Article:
A panel of arthritis research experts has recommended that coxibs and nonsteroidal anti-inflammatory drugs (NSAIDs) must remain a significant part of the tool kit used in treating osteoarthritis (OA).
The editorial yet to be published in the international journal Osteoarthritis and Cartilage published by Elsevier. The Editorial summarizes the outcomes of an international workshop organized by the Osteoarthritis Research Society International (OARSI) and the International COX-2 Study Group, held 24-25 March 2007. The authors urge that an evidence-based approach must be taken when making recommendations to patients.
OA, the most common form of arthritis, is a major medical problem. It has been estimated that over 20 million Americans are afflicted with OA, and that number will rise to 40 million by the year 2020. Controversy now exists as to the safest and most efficacious way of treating the disease, particularly with respect to use of NSAIDs, both non-selective and selective (so-called COX-2 selective agents or coxibs).
Adverse reactions related to the gastrointestinal tract, particularly with the non-selective NSAIDs, have been described; more recently, concerns have been expressed related to the cardiovascular system with both groups of agents.
A recent scientific statement from the American Heart Association (AHA) made recommendations with regard to the treatment of OA.1 A number of these recommendations are challenged in the Editorial2 in Osteoarthritis and Cartilage, with particular concern about their impact on appropriate use of these agents.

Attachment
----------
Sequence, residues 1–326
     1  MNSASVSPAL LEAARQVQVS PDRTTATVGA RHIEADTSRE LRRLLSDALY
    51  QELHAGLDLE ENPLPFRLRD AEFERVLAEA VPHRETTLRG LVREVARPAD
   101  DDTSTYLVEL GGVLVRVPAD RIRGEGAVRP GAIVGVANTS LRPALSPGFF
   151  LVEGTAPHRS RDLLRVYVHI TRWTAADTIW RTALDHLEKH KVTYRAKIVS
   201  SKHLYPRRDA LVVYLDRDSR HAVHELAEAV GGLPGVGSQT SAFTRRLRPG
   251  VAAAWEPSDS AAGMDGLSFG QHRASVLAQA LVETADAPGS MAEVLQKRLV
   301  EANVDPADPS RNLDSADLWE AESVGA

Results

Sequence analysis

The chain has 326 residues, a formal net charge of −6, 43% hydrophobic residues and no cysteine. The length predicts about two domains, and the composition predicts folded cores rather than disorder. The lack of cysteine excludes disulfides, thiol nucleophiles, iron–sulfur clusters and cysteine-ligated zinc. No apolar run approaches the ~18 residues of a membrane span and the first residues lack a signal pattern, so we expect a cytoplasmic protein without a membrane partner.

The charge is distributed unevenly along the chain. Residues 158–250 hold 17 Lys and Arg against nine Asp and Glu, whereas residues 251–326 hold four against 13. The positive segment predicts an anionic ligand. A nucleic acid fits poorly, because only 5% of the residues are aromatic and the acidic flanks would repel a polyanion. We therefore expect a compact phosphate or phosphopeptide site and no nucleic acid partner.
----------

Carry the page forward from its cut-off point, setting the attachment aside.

The Editorial questions the recommendation made in the AHA statement which described a stepped care approach to pharmacologic therapy for musculoskeletal diseases. The Editorial strongly recommends that several aspects of the AHA statement be reconsidered. For example, it urges that the AHA withdraw their non-evidence-based recommendations that high-dose aspirin be administered alone as a first line therapy for patients with chronic pain and arthritis.
Dr Roland W. Moskowitz, Professor of Medicine at Case Western Reserve University/University Hospitals of Cleveland, lead author of the Editorial comments, "Careful review of the pros and cons of using these agents, and the situations in which they are most safely and effectively used, is required to help us understand how best to take advantage of their availability".
The input by the OARSI/COX-2 International Study Group provides evidence-based background and guidance that will be of help to physicians, and to patients, in the use of these important commonly used agents.